The island of Milos is part of the South Aegean volcanic arc. The volcanic processes on Milos, which started ca. 3.5 Ma, have been studied in detail, but the limited outcrops of basement rocks have not yet been adequately investigated. We present new structural, petrological, and geochronological data that suggest that the basement rocks on Milos (Kiriaki complex) belong to the Cycladic Blueschist Unit, which underwent blueschist metamorphism at ∼8.5 kbar and 400 °C. The complex experienced pervasive ductile deformation in the Paleocene−Eocene, with top-to-the-S to -SW shearing. Recalculation of published data from eclogite pebbles that occur as detrital products in “Green Lahars” structurally above the Kiriaki complex yields contrasting metamorphic conditions of ∼19.5 kbar at 550 °C, suggesting that two nappes, the exposed Lower Cycladic Nappe and eroded relicts of the Upper Cycladic Nappe, exist on Milos. These nappes, which also occur on other Cycladic islands, are separated by the newly defined synorogenic Trans Cycladic thrust. Since Milos is located above the West Cycladic detachment system, the rocks escaped the postorogenic middle−late Miocene low-angled extensional overprint. While rocks in the footwall of the West Cycladic detachment system were experiencing ductile shearing, sediments were being nonconformably deposited on metamorphic rocks of the Kiriaki complex on Milos in the late Miocene. Most importantly, the postorogenic West Cycladic detachment system did not reactivate but instead crosscut synorogenic structures such as the Trans Cycladic thrust, which bends 90° at Milos, exhibiting a change from W-E− to N-S−trending stretching lineations.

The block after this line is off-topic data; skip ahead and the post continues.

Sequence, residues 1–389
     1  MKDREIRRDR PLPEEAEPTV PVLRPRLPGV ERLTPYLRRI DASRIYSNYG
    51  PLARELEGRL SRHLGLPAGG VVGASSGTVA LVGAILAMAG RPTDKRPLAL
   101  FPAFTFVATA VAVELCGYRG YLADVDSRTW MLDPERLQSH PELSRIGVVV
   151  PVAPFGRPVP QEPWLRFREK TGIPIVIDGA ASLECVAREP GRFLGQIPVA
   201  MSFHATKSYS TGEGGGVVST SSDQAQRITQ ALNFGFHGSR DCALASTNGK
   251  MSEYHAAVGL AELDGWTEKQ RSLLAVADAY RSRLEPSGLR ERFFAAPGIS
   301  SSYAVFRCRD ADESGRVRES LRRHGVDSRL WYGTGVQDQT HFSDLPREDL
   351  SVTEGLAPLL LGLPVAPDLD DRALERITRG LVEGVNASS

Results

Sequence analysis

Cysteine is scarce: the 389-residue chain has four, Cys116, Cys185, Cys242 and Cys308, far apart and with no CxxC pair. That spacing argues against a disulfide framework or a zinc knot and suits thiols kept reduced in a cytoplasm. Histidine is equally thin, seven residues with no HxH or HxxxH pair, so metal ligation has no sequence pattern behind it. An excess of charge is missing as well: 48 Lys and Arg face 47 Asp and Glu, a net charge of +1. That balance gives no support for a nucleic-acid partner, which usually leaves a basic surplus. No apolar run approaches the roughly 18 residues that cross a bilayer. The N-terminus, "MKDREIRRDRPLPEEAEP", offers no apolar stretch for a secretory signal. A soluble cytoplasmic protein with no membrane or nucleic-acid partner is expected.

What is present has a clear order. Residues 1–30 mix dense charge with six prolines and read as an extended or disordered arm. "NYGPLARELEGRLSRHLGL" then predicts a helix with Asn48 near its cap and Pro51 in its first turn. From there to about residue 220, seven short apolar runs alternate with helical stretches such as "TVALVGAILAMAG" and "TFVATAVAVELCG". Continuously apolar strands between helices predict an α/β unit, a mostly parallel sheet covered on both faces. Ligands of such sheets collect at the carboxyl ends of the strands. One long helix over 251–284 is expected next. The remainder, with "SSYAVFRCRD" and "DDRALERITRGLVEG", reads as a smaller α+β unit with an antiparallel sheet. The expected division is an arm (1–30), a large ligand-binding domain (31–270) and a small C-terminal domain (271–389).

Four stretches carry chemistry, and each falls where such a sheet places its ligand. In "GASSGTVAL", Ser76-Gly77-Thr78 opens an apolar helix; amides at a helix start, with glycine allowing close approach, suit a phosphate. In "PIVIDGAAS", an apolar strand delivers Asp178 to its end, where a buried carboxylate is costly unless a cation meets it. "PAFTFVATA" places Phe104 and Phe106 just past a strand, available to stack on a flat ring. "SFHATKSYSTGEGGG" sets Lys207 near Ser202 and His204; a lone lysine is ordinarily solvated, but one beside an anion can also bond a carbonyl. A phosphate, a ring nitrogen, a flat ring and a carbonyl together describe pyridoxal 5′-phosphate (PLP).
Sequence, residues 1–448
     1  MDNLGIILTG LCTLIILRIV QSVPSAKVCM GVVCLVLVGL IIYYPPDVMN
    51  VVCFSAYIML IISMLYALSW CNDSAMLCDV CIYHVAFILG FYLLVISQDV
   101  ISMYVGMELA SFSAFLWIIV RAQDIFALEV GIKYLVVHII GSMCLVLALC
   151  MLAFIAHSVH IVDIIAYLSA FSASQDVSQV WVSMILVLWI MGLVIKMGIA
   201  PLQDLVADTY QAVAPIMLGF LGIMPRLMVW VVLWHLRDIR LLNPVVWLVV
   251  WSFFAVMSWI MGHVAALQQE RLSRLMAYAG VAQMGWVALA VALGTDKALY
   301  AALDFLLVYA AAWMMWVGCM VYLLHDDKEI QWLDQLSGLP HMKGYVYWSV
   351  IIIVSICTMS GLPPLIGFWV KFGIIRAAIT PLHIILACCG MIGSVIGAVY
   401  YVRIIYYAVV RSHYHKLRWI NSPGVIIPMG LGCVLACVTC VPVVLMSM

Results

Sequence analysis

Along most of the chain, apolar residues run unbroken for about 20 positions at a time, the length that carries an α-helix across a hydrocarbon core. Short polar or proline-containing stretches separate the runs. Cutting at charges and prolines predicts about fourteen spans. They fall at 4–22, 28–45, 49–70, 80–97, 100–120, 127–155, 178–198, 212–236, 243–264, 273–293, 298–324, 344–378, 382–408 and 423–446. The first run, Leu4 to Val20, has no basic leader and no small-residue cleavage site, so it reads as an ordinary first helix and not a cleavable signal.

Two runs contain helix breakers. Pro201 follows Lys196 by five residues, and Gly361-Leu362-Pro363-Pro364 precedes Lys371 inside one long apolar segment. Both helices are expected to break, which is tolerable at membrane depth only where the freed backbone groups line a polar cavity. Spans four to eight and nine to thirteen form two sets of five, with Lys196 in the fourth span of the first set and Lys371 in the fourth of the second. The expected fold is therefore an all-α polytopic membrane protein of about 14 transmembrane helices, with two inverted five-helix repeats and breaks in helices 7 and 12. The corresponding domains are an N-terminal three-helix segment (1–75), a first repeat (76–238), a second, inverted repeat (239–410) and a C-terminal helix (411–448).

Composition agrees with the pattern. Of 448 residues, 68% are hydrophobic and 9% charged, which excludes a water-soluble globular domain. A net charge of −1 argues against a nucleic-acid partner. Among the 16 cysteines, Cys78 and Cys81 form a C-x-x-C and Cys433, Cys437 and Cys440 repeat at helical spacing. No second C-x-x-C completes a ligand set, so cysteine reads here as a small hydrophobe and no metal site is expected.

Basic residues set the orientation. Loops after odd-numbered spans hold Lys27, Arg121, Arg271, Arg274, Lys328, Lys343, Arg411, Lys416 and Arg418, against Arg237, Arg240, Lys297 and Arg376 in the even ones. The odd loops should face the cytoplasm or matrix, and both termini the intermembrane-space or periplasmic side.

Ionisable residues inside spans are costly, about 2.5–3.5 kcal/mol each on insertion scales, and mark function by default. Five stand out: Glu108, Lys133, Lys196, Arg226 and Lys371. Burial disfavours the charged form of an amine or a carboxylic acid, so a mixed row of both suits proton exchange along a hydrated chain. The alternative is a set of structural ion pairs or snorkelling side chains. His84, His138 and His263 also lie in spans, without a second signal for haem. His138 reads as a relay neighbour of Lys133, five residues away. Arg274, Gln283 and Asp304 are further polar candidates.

Miocene postorogenic extension of the Eocene synorogenic imbricated Hellenic subduction channel: New constraints from Milos (Cyclades, Greece)
Bernhard Grasemann, Benjamin Huet, David A. Schneider, A. Hugh N. Rice, Nicolas Lemonnier, Cornelius Tschegg; Miocene postorogenic extension of the Eocene synorogenic imbricated Hellenic subduction channel: New constraints from Milos (Cyclades, Greece). GSA Bulletin doi: https://doi.org/10.1130/B31731.1
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